There are a number of interactive factors which all work together to determine the energy efficiency of a window or door.
1) Measurement Values:
R-value and U-factor are the two common measures used to rate how well a specific material or system resists or conducts heat flow. R-value measures the resistance to heat flow. In windows and doors, however, R-value can be misleading, since it applies only to specific parts, such as the frame or center of glass.
U-factor measures the ability of a material or system to conduct the flow of heat. The lower the number, the better its insulating ability. U-factors for windows and doors most often refer to the insulating quality of the entire system (the glass, frame and spacer combined). Therefore, it is a more useful measure of energy efficiency. U-factor is based on a scale of zero to 1. Lower U-values are more cost effective on climates where the temperature difference between the outside and the comfort of your home is large, such as in colder climates where this difference can be in the 50o – 70o F.
Sometimes, values are quoted for the glass alone or for the framing material. These numbers can be very misleading since they look at individual components rather than windows as a system. For glass, many times people throw out center-of-glass measurements, which overstate the performance of glass as installed in a specific window unit. They are not indicative of glass or the window performance as a whole. This center-of-glass value drops off as you move towards the edge of the glass. The amount of drop off is dependent upon a number of variables. It is not a good idea to compare the performance of one product to another based upon glass or frame values alone. Most manufacturers have run NFRC (National Fenestration Rating Council) thermal performance tests on an assembled unit which is a much better indicator of the unit’s overall performance compared to glass or window frame values alone.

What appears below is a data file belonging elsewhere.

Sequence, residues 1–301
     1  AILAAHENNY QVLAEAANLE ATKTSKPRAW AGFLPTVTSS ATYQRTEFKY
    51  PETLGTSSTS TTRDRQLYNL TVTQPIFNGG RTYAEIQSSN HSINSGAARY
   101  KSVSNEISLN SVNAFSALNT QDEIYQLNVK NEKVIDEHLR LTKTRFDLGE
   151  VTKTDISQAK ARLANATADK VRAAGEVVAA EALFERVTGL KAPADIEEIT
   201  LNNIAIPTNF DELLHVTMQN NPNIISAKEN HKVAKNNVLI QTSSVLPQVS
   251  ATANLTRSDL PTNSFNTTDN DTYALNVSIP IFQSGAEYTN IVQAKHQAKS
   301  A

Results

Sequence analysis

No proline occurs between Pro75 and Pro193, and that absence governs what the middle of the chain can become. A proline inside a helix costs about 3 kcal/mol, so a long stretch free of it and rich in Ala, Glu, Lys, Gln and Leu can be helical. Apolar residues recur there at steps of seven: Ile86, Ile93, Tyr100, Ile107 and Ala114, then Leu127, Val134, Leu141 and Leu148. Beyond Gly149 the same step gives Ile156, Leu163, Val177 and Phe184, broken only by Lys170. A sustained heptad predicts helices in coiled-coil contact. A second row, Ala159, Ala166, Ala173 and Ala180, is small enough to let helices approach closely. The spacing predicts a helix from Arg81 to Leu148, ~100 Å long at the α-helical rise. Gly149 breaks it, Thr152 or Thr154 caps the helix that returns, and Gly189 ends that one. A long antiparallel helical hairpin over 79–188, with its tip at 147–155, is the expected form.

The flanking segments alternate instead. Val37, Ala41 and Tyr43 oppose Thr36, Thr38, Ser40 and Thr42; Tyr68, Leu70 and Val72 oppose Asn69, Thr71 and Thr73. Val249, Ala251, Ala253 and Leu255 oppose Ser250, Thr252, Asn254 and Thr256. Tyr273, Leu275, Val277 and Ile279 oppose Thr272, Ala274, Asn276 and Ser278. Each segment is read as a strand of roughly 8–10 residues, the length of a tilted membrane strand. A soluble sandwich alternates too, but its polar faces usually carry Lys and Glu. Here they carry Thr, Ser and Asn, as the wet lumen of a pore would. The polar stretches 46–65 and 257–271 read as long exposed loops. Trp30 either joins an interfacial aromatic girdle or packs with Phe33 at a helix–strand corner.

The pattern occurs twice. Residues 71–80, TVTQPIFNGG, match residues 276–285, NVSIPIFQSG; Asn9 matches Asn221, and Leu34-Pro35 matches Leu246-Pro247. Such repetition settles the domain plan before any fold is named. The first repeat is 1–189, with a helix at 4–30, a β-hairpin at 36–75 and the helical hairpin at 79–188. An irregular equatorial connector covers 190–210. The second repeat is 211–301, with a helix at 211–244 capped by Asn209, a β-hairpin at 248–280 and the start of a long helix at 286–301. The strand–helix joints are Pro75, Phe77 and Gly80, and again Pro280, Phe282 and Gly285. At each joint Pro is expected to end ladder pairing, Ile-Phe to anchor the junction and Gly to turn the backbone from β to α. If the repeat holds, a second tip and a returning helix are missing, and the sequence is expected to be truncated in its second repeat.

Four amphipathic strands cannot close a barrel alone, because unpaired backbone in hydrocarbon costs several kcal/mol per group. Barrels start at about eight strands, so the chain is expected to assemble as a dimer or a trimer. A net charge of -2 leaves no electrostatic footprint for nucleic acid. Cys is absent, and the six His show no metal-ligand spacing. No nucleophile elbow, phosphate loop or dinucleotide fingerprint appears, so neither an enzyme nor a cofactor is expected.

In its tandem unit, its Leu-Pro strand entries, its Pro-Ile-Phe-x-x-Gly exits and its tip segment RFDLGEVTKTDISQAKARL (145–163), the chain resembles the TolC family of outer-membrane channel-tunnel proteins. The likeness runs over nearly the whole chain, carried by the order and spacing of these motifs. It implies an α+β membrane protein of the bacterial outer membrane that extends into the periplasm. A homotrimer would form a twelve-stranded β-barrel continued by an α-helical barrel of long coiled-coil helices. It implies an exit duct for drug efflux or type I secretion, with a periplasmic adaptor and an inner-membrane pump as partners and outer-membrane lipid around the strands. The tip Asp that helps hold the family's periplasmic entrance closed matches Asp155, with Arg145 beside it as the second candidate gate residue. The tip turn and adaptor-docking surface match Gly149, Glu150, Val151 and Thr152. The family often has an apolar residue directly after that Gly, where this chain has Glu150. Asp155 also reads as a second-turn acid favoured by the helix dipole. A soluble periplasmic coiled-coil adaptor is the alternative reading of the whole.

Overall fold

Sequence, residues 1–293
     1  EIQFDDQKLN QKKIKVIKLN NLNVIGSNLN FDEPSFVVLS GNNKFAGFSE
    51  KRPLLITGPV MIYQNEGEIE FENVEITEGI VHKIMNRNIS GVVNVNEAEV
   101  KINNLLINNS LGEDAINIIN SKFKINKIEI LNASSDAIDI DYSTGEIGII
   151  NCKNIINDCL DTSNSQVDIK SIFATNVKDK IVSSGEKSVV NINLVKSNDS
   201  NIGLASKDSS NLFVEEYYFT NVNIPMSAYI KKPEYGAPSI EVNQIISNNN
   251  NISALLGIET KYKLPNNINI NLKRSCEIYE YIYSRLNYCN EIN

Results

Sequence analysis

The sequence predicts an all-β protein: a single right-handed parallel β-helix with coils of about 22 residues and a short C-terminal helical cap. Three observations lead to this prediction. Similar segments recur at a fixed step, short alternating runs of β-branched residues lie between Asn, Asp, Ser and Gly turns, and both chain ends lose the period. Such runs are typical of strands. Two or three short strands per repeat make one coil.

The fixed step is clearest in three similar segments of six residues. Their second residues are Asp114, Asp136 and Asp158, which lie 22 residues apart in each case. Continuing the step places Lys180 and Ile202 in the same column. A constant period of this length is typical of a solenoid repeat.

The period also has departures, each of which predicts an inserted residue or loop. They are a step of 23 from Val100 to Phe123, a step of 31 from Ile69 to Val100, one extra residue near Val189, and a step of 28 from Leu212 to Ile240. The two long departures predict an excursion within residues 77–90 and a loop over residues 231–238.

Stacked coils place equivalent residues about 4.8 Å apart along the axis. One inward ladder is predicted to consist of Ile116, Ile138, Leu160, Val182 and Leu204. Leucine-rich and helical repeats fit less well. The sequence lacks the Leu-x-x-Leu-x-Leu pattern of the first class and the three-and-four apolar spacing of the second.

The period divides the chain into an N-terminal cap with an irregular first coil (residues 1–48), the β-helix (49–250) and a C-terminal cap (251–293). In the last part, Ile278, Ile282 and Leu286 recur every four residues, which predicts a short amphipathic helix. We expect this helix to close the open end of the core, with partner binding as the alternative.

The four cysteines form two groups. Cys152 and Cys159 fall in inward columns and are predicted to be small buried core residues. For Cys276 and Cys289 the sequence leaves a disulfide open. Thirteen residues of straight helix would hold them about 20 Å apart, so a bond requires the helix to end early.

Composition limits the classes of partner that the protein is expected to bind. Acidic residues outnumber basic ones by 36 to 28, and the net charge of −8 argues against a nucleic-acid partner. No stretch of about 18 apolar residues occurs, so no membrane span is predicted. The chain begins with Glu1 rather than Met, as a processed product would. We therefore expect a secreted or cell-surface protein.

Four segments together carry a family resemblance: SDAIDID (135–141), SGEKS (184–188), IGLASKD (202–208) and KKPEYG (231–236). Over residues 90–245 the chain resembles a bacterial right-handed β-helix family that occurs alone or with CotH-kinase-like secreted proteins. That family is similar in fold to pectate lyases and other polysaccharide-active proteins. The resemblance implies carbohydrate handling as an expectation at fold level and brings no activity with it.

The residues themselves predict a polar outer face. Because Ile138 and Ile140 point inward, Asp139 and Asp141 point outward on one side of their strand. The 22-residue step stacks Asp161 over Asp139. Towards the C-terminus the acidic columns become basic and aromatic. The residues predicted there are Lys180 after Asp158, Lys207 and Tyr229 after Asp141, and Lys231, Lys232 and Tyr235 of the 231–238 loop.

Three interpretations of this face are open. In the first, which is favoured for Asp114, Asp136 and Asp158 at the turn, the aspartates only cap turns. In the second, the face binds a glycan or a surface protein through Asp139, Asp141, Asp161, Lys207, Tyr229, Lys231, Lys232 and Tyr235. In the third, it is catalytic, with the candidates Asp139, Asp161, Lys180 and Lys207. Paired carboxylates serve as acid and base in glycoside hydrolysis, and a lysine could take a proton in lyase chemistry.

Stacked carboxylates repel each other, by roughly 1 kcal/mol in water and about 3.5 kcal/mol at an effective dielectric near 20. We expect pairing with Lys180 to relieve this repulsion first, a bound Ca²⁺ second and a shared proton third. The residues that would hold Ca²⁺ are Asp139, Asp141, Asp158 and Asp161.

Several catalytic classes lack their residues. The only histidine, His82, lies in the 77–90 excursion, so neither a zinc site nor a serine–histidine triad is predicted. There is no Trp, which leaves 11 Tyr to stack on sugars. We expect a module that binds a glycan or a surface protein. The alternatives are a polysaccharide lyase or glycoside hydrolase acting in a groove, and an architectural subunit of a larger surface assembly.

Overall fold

2) What Is Solar Heat Gain Coefficient (SHGC)
The second critical measurement is the Solar Heat Gain Coefficient (SHGC), which measures a window’s ability to reduce heat gain by blocking the sun’s heat-producing rays. It is also based on a scale of zero to 1. A high coefficient will allow more sunlight, and heat, into the house. A low coefficient will block more sunlight to reduce summer heat gain. Windows and doors with lower SHGC are important in climates where air-conditioning is used offset the heat from the sun coming into your home.
3) Air Leakage
The third way a window can lose energy is through Air leakage. The air infiltration rate for a window is measured in cubic-feet-per-minute (CFM) and refers to air leakage that occurs through cracks in the window assembly. The lower the number, the less air will pass through. Air tightness in windows and doors used to be more of a consideration than it is today. The small amount of air leakage through windows and doors provides an acceptable (and sometimes necessary) amount of ventilation for your home.
The final influencing factor is installation. Poorly or improperly installed windows can be a major energy consumer. Improper installation can cause air to leak around the window frame. Poorly caulked windows can also be an energy waster. If the installer does not understand the design characteristics of an individual window, he can influence the contact and compression of the weather stripping, resulting in poor performance.